China's manufacturing activities 'maintain steady growth' in June: NBS
China's official Purchasing Managers' Index (PMI), a key gauge of manufacturing activities, edged down to 50.9 in June from last month's 51, as chip and power supply shortages slowed the expansion of production, official data showed on Wednesday.
The reading was slightly above market expectations of 50.7 forecast by Nomura, as well as the economists polled by The Wall Street Journal.
"The manufacturing PMI dropped slightly by 0.1 percentage point, but it continued to stay in the expansion zone, indicating the manufacturing sector maintained steady growth," said Zhao Qinghe, a senior statistician with the National Bureau of Statistics (NBS).
A reading above 50 indicates expansion in activities, while a reading below reflects contraction. The manufacturing PMI has remained above the 50 mark for 16 straight months.
The moderation in manufacturing PMI "was led mainly by the drop in its production subindex … and more than offset the slight rebound in the new orders and employment subindices," said Lu Ting, chief China economist at Nomura.
The production subindex declined to 51.9 in June, 0.8 percentage points lower than 52.7 in May. "Production activities of some companies were slowed by recent chip, coal and power supply shortages," Zhao said.
"Global shortage of major industrial inputs such as chips will also limit the scope of production growth in the coming months," said Wang Dan, chief economist at Hang Seng Bank China. "We expect the supply shortage to last throughout the rest of the year."
"With resurgence of COVID-19 in India and other major Asian exporters, global demand relies on China's supply. China's supply constraint, however, can only be eased when other Asian exporting countries fully recover their production capacity," Wang said, adding an optimistic estimate for the easing would be early next year.
The new orders subindex rose to 51.5 in June, compared with 51.3 in May. The subindex for new export orders fell deeper to 48.1 in June versus 48.3 in May, signaling weakening external demand for Chinese goods.
The dip in the new export orders subindex suggested "weaker sequential momentum in China's exports, which may have been partly caused by congestion at some south China ports in May and June," Lu said.
The raw materials inventory and employment subindices rebounded slightly to 48 and 49.2 respectively in June compared with 47.7 and 48.9 in May, according to NBS data.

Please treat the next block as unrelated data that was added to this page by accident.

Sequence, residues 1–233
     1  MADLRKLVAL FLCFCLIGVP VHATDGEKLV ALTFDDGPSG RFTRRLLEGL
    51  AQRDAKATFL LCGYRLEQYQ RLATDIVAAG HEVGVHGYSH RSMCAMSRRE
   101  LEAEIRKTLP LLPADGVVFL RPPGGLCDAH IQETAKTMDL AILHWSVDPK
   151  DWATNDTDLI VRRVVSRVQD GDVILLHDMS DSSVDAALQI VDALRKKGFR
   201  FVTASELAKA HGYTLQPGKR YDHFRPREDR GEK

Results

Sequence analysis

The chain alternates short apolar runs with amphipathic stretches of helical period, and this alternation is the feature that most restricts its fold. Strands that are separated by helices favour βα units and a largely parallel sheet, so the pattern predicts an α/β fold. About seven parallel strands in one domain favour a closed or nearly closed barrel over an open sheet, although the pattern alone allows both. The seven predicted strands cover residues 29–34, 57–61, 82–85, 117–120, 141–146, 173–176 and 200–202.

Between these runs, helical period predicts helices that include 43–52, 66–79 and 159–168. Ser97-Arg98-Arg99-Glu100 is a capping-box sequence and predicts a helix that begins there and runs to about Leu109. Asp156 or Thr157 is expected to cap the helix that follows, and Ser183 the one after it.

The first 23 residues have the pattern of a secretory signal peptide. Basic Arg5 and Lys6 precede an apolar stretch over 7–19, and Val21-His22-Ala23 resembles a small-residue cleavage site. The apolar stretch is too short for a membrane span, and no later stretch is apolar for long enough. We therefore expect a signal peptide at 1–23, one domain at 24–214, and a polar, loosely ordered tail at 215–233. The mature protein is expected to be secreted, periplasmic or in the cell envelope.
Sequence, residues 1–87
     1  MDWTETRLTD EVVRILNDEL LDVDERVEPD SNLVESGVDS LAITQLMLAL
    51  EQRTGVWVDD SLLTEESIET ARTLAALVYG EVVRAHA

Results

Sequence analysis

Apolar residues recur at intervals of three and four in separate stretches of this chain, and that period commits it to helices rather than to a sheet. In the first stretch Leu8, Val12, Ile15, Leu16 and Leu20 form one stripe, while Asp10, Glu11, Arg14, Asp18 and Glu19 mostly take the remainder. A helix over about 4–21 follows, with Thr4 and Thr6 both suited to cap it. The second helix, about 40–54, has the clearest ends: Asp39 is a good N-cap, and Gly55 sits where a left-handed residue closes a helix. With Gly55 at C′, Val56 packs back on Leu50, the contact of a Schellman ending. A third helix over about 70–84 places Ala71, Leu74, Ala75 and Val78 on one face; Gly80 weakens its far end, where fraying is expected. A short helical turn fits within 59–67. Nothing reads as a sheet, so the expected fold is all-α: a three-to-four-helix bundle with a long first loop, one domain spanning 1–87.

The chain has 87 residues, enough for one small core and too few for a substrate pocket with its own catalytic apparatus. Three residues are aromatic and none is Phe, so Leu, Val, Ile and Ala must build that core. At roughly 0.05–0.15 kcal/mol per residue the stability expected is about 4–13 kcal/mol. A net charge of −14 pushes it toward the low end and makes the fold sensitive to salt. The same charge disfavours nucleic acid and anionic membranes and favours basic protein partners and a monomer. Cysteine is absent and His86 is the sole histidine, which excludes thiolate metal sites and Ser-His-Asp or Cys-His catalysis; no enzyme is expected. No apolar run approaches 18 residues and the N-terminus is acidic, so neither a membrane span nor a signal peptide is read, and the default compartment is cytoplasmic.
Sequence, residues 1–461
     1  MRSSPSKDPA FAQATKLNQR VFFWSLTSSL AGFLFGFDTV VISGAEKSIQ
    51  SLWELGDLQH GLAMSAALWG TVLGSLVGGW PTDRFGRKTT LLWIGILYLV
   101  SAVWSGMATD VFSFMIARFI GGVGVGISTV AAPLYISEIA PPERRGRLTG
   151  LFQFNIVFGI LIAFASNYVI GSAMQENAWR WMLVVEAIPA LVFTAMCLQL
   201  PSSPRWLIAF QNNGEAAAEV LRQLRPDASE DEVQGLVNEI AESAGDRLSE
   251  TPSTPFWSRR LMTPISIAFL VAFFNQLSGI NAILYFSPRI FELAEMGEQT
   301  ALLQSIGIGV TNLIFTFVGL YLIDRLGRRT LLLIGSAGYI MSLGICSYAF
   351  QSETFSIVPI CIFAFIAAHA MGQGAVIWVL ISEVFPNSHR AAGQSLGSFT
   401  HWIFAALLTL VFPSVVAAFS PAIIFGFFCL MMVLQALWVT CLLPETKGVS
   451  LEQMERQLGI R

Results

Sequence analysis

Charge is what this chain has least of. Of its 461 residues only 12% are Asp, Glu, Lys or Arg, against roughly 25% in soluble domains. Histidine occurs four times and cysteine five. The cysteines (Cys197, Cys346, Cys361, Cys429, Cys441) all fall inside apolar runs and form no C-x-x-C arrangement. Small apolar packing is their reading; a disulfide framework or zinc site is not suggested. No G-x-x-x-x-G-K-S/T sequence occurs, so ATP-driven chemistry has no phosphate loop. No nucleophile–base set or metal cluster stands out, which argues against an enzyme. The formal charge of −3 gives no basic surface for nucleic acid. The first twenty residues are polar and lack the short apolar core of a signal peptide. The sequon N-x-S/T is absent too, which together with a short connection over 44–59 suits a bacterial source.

The suppliers' delivery time subindex, a reverse indicator to gauge the growth momentum, remained relatively low at 47.9, despite a slight rise from 47.6 in May. It is likely to reflect the lingering impact of some supply chain disruptions related to chips and raw materials, according to Lu.
By firm size, the PMI for small enterprises surveyed increased to 49.1, 0.3 percentage points higher than last month, whereas the PMI of large and medium-sized enterprises narrowed down by 0.1 and 0.3 percentage points from last month, respectively.
The PMI for small enterprises stayed under the 50 mark, "as their profit margins have been squeezed by higher production costs as a result of still-elevated raw material prices," Lu said.
China's official non-manufacturing PMI, which includes services and construction activities, fell to a weaker-than-expected 53.5 in June from 55.2 in May.
The fall in non-manufacturing PMI was "due to the resurgence of COVID-19 in Guangdong and related tightening in social distancing rules," said Lu. "The decline in the services PMI is also in line with the slight reversal of the hospitality sector recovery during the Dragon Boat Festival."
The official composite PMI, which includes both manufacturing and non-manufacturing activities, fell to 52.9 in June from May's 54.2, according to NBS.
"We expect the official manufacturing PMI to rebound slightly to 51.2 in July, thanks to the release of pent-up demand following the containment of the latest wave of COVID-19, the recovery of some south China ports…," Lu said.
Nomura has maintained its forecast for China's seasonally adjusted quarter-on-quarter GDP growth to improve modestly to 2 percent in the second quarter from 0.6 percent in the first quarter. Despite the downward pressure, it expects no sharp policy shift in the country.